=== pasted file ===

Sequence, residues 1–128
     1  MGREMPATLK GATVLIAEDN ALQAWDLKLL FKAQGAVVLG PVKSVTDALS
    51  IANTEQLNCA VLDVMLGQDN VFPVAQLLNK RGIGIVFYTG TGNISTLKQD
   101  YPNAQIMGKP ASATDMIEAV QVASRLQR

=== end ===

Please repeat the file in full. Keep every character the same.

Sequence, residues 1–128
     1  MGREMPATLK GATVLIAEDN ALQAWDLKLL FKAQGAVVLG PVKSVTDALS
    51  IANTEQLNCA VLDVMLGQDN VFPVAQLLNK RGIGIVFYTG TGNISTLKQD
   101  YPNAQIMGKP ASATDMIEAV QVASRLQR